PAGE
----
By rights, Hong Kong should be suffering serious quasi-election theatrics fatigue by now. After embarrassing, mishandled on-stage accidents led the two leading actors going horribly off-script, the curtain has come down for the interval. The Mainland directors, having ruled out any re-casting, are now furiously rewriting the next act. It is a thankless task; the play’s backers are split into two hostile camps, and the audience is in a bad and unpredictable mood. A 20-minute intermission and a calming drink are in order. Instead, a third thespian, whose bow-tie was not expected to be seen much in remaining scenes, has mounted the boards and launched into a separate but similarly themed drama of his own. And his performance is getting reviews far and wide.
The Chief Executive ‘election’ farce has, weirdly, become more of a farce by becoming less of one – or maybe vice-versa. Either way, it is attracting far more interest from the world’s media than would usually be the case, which makes Beijing’s dilemma that bit more acute. Trained on the rigged ‘election’ system, the spotlight could be a good thing. But it’s less helpful if it results in headlines about current CE Donald Tsang and a ‘corruption probe’. Whether Hong Kong was better under the British is debatable. I remember in the 1980s racism that wouldn’t be tolerated today, hospitals with patients in the corridors and, in my neighbourhood, a crumbling open-air methadone dispensary that looked like something from the recesses of the Third World. But what basement-owner Henry Tang, luxury-loving Donald Tsang and ultimately Beijing have certainly been doing is ensuring that Hong Kong’s reputation was better under the British.
Which brings us to a response to Hugo Restall’s Wall Street Journal piece that someone should send Sir Bow-Tie. Or should have – too late now. It is a letter from one Kin-ming Liu, which quotes from the memoirs of colonial Governor (1947-57) Alexander Grantham:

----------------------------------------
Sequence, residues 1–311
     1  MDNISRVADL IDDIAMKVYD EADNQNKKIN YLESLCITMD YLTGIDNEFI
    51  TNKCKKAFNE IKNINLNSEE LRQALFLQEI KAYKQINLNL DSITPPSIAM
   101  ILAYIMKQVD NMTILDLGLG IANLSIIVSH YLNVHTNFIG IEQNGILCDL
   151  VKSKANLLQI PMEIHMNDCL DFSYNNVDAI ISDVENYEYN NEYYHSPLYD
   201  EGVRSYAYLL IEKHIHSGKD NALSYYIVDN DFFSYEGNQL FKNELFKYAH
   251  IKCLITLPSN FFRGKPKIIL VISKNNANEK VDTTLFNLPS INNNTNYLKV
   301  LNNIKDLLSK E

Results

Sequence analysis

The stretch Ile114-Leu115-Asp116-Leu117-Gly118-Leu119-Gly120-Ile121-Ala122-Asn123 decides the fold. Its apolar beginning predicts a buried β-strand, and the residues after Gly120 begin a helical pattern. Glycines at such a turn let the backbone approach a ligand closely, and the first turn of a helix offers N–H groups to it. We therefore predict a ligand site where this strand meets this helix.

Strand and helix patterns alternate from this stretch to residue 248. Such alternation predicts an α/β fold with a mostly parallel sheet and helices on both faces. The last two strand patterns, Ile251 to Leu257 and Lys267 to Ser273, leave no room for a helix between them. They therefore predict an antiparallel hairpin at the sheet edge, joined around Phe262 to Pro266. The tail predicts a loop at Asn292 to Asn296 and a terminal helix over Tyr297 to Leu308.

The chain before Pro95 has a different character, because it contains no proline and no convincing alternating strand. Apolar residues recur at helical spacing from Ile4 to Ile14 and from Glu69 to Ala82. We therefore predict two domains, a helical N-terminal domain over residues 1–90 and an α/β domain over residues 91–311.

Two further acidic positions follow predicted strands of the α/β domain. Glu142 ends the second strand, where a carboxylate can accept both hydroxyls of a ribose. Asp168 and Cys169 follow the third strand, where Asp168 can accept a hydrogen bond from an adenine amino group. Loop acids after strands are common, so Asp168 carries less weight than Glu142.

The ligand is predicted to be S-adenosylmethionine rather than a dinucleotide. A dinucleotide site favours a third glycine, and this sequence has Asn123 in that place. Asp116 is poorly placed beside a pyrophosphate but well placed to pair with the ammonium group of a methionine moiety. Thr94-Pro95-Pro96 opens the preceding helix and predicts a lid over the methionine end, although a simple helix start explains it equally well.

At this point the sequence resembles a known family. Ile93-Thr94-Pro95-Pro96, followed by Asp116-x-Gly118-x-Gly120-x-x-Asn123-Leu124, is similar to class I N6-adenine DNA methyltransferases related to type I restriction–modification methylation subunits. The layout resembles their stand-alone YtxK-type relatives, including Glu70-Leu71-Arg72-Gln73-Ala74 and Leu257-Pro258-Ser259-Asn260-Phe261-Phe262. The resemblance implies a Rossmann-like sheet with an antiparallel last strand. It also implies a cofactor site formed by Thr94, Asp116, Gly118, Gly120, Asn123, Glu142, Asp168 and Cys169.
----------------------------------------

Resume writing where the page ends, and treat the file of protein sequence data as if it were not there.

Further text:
“As the Queen’s representative, the Governor has to behave and be treated as such. He should be dignified without being pompous, approachable and friendly without being intimate, because if he is intimate with any one individual or any particular group, he will be accused, rightly or wrongly, of favoritism. He should not confine his associations to the ‘upper crest’ for he belongs to everyone in the colony, from the highest to the lowest. He must be discriminating, but not exclusive, in the social entertainment that he offers and accepts.”
Sir Alexander also had this piece of advice for his successors: “it is good for a governor when on leave to have to take his place in a queue and to have his toes trodden on in a crowded railway carriage. It brings home to him that he is but an ordinary mortal like anyone else, and that the dignity attaches to the office and not to the individual.”
Especially when the individual acts like a gauche little social-climber on the make. There are acceptable, even trendy, parts of Macau; Sir Bow-Tie was not in either. His plans to stay in Shenzhen after leaving office are similarly non-U; an appropriate neighbourhood of Macau would have been far preferable (Donald is cooling off out of town to keep a promise he made after former Chief Secretary Anson Chan kept sniping at him from her irritatingly nearby retirement residence).
Still if the Independent Commission Against Bad Taste and impeachment for high crimes and style misdemeanors are warranted for anything, it must be Phuket. Did he have a tattoo done? Did Selina get her hair braided on the beach? Did they rent jet skis? We have learned that they took a helicopter ride. Did they pile their plate high with oysters at the buffet? Did they buy and wear matching T-shirts? We have plumbed some depths since 1997, but really…
Some places need jobs, reduced deficits, higher exports or the toppling of a tyrant. Hong Kong needs a leadership with a bit of class again. And we now sit back to watch Act II.